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Northcliffe golf course fate up in the air

City or neighbors could purchase club, but overseas owner must weigh in on the situation

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Schertz officials are looking for ways to preserve the Northcliffe Golf Club, which has fallen on hard times. Options include the city purchasing the course or neighbors taking it over.

SCHERTZ — City officials and residents are still seeking solutions for saving Northcliffe Golf Club.

Declining revenues and lack of maintenance led to the course’s shuttering in May. Since then, a band of Northcliffe neighbors are attempting to salvage the facility.

Politicos, in turn, offered to help with providing contact information for the course’s owner, Darsen Chen, who resides in Taiwan and has been difficult to reach.

Those efforts haven’t satisfied residents, who suggested the city buy the 147-acre course, located at 5301 Country Club Blvd. Instead, town leaders made a counteroffer with the creation of a Public Improvement District initiative, whereby local taxpayers charge themselves to fund the operation.

If a PID is implemented, Northcliffe homeowners could be taxed annually, Councilman Ralph Gutierrez said.

Whether the levy would extend to the rest of the city would have to be determined.

“Where do you draw that line where it’s fair?” said Gutierrez, a candidate for mayor in November. “If you live on the golf course, your interest is greater than someone who lives across the street or three blocks down.”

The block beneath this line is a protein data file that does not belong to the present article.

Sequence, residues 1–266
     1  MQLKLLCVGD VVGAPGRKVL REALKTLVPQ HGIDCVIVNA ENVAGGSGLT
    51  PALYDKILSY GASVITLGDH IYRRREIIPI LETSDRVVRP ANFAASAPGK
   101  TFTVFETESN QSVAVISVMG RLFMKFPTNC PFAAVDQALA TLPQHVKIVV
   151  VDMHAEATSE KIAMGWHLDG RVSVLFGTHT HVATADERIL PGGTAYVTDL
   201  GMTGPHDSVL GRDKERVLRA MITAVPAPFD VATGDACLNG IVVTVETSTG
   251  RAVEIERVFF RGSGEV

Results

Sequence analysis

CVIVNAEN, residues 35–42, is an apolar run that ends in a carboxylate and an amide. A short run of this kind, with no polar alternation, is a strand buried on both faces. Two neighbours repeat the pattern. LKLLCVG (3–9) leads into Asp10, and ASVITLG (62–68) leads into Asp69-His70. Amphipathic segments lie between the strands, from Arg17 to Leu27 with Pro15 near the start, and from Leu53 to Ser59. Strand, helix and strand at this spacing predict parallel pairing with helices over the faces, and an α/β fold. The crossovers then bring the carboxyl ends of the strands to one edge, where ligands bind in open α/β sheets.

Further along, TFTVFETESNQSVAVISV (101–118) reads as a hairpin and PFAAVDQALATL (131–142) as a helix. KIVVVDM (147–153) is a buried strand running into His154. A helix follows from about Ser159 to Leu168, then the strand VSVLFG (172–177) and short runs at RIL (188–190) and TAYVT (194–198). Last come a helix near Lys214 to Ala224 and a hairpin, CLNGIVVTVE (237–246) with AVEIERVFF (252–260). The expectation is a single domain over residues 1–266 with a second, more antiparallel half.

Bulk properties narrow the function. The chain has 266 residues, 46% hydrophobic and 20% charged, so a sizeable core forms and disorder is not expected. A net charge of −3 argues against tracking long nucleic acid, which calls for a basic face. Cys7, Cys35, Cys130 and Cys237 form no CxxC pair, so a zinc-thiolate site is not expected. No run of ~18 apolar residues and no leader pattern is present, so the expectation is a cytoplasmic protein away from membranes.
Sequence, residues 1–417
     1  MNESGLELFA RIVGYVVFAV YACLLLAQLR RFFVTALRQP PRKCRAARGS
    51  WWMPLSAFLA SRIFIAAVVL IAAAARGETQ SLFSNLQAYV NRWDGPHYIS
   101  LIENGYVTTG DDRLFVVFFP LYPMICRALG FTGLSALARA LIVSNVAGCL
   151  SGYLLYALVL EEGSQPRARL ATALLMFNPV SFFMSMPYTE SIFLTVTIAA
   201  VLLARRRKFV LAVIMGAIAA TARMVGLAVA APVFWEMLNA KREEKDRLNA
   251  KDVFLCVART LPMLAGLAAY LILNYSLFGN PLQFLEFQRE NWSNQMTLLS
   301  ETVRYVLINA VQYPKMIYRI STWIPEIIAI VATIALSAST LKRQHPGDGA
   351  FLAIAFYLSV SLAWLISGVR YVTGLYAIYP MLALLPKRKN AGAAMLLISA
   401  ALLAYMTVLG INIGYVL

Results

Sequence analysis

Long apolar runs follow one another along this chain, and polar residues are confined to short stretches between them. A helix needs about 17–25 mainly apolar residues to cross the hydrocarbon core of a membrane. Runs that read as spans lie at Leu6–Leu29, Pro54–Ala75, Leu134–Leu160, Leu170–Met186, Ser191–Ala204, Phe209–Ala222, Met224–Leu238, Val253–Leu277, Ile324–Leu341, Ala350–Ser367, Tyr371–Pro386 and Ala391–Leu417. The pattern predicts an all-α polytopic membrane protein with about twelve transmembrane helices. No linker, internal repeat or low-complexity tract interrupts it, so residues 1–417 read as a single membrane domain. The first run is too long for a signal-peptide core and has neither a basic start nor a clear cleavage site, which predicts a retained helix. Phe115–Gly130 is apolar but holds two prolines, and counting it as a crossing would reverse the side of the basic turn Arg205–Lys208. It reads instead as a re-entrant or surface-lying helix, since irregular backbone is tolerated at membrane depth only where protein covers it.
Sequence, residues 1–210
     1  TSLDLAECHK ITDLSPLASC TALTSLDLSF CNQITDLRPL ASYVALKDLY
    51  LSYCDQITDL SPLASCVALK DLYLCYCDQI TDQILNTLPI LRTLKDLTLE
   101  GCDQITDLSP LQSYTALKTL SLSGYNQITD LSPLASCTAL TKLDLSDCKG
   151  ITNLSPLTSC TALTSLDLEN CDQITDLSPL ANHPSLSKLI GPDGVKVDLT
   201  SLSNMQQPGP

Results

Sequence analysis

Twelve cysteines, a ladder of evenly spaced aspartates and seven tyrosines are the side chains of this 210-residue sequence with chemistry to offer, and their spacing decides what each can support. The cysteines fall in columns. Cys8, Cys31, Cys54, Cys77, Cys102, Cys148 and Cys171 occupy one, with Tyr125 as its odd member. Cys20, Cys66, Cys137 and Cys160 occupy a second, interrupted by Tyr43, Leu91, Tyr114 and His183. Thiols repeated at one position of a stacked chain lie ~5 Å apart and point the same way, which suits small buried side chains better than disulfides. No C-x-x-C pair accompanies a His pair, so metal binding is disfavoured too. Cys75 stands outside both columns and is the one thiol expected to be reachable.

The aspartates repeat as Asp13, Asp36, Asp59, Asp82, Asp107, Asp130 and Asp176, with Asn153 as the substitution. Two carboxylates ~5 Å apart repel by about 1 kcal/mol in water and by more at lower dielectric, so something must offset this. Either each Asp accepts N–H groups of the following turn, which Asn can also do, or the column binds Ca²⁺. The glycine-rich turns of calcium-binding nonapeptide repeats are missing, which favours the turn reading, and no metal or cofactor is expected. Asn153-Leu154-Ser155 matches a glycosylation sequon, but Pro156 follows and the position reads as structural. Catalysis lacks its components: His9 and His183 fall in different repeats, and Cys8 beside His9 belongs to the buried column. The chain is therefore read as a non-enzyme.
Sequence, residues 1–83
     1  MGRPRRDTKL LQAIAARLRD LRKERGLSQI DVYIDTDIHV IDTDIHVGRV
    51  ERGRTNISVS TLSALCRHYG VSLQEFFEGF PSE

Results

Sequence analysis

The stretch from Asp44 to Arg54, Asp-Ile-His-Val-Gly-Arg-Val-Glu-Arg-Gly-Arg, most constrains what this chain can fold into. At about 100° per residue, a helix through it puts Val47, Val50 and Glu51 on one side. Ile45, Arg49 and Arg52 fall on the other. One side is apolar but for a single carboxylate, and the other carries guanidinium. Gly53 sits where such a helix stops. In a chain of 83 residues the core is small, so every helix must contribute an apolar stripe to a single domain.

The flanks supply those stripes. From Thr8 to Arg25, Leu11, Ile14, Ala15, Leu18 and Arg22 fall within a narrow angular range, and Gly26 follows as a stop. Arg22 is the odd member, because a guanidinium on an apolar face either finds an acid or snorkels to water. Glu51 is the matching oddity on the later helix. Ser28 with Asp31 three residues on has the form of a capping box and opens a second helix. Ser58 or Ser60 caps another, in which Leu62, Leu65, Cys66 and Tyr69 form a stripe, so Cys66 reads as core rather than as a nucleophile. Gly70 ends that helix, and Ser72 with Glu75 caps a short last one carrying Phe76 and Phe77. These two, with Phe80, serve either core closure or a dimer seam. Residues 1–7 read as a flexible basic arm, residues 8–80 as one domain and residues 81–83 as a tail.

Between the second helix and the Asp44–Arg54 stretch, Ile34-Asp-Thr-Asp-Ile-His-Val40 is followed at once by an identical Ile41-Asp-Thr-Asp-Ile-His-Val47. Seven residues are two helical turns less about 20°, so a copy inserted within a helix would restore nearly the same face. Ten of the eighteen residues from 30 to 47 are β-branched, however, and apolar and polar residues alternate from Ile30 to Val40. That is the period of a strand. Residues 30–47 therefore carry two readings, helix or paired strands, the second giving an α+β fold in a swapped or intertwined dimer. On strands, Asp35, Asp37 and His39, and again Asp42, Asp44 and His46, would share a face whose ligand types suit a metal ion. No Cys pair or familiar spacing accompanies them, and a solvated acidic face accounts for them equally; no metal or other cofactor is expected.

The city is hesitant to purchase the land due to a lack of financial resources. According to reports, Comal and Guadalupe counties appraised Northcliffe at $1.47 million. Irrigating costs have also influenced council’s thinking, as it would take $3.6 million to revamp the municipality’s water-treatment plant, officials said.

Factoring in the links’ purchase and maintenance, officials estimate a $12 million hit to the city.

“We have to do our due diligence to find out if we are going to keep it as a golf course or a park,” Gutierrez said. “We have to figure out what the total budget expense is allotted for, and also, what is it going to take to bring the course up to a reasonable level that people want to use it?”

It remains unknown if Chen even wants to divest. A decision shouldn’t be forced, Gutierrez said.

“I’d rather let the owner approach us,” he added. “I think it’s unethical to say, ‘Hey, sell us your land because you’re not going to do anything with it.’ It’s very difficult to deal with hypotheticals because it starts rumor mills and that is unproductive.”

Running the course until the last day was difficult for Dave Roberts, its general manager. Roberts told city leaders in June that he started investing his own money in 2017 to keep the facility afloat “until it broke me.” His investment included purchasing Chen’s Northcliffe management company for $10 and leasing the course from the owner for $1 a month.

Roberts walked away $40,000 in the hole, he said.

In an online post, Roberts commented he worked seven days a week, sometimes up to 15 hours, to keep the business open. He added friends and family helped, too.

Roberts has implored neighbors to brainstorm about a solution.

At recent City Council meetings, residents and city officials have failed to find a resolution.

However, Councilman Cedric Edwards said he has a plan, but is remaining mum until after this fall’s election.

“Most people are looking at it from one side,” said Edwards, who is also on the mayoral ballot as a write-in candidate. “I think if we look outside of the box, there is a solution.”

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